Ward Recycling in glass cleaning and MRF investment

Middlesbrough-based Ward Recycling has completed a £490,000 investment in new machinery for its materials recycling facility and glass reprocessing plant, which the company claims will increase efficiency of its operations.

Gareth Godwin, manager at Ward Recycling, displays the company's new Lyndex baler

The company has purchased a £385,000 Lyndex baler, which bales sorted finished products and has increased the payloads of vehicles leaving the South Bank site.

Gareth Godwin, manager at Ward Recycling, displays the company's new Lyndex baler
Gareth Godwin, manager at Ward Recycling, displays the company’s new Lyndex baler

According to Ward Recycling the increased performance of the machine performance has allowed faster throughput resulting in more tonnage being sorted and a reduction in energy consumption.


The glass media side of the business, which produces a product free from sharps and used in filtering water for human consumption, has invested £105,000 in the installation of a trommel and a series of new conveyors. These have been supplied by Ken Mills Engineering and will screen out contaminants and improve the purity of Ward’s final product.

As well as being used to filter drinking water, the glass media is also used as a high-quality replacement for silica sand used in swimming pool filtration systems and are frequently utilised as an environmentally friendly shot blasting abrasive.

Gareth Godwin, manager at Ward Recycling, said: “We receive and process huge volumes of glass from commercial and household collections, which requires a lean operating model and efficient processes throughout our business.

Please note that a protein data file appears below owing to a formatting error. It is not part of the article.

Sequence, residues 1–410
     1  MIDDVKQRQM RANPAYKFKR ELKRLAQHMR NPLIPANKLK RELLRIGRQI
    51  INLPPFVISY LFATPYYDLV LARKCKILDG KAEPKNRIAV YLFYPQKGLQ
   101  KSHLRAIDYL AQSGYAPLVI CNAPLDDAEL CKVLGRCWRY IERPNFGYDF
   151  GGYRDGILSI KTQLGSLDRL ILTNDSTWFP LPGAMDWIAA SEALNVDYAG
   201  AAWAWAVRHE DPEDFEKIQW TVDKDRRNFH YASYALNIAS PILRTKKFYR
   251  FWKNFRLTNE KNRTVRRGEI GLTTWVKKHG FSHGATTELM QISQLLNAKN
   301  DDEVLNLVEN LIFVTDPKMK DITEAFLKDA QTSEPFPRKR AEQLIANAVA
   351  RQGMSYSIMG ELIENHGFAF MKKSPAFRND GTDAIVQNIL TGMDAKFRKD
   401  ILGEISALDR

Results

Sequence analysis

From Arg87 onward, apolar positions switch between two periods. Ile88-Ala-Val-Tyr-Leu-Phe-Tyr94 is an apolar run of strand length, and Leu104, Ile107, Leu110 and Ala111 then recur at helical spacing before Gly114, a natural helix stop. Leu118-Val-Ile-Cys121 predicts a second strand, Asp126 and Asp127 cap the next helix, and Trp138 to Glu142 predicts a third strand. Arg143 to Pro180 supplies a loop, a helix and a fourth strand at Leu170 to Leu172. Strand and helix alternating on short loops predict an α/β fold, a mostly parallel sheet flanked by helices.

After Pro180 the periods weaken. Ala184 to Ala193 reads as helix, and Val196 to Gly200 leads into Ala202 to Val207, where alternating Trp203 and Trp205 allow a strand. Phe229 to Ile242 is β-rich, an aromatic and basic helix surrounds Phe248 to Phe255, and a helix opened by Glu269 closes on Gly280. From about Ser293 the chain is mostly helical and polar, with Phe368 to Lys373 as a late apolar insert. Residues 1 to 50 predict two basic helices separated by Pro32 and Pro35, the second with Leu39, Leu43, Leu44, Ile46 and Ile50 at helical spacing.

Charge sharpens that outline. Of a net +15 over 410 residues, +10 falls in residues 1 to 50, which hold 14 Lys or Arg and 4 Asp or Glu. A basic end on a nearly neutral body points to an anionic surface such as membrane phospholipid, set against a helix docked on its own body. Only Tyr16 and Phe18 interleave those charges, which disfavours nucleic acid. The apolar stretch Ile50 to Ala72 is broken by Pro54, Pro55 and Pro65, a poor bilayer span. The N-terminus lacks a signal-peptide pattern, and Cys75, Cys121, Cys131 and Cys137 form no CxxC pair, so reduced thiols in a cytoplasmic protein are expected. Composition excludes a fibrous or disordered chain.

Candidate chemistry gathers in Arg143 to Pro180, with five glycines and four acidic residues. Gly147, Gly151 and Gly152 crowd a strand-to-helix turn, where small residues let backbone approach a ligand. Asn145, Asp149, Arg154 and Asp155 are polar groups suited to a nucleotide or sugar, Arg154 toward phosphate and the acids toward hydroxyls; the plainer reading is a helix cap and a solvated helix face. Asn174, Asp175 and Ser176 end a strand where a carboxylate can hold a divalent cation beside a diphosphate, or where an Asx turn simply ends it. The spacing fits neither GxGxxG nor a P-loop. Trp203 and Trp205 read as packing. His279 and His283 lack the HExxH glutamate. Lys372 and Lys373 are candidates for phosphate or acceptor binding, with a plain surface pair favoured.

“This is the latest in a series of investments that have improved efficiency and as a result increased our capacity and ability to easily manage any cyclical influxes in demand.

“As well as delivering efficiency gains, the new screening system will enable us to recover more viable glass from our recycling inputs – reducing wastage and ensuring as much material as possible is processed for reuse.”


The investment in new kit at the site comes shortly after the company announced that it had won a major contract to process dry recyclables on behalf of two North Yorkshire councils. Ward Recycling was awarded the three-year contract by Richmondshire and Hambleton district for the processing of up to 8,000 tonnes of material per-year.

Up to £3.2 million has been invested in the site in recent years, supported by a £500,000 grant from Let’s Grow – a Regional Growth Fund programme operated in partnership with Trinity Mirror, BE Group and UNW LLP. Former Business Secretary Vince Cable visited the site to officially open the extension to its glass clean-up operation in 2015 (see letsrecycle.com story).

Ward Recycling employs 146 people and has a turnover in excess of £8 million.

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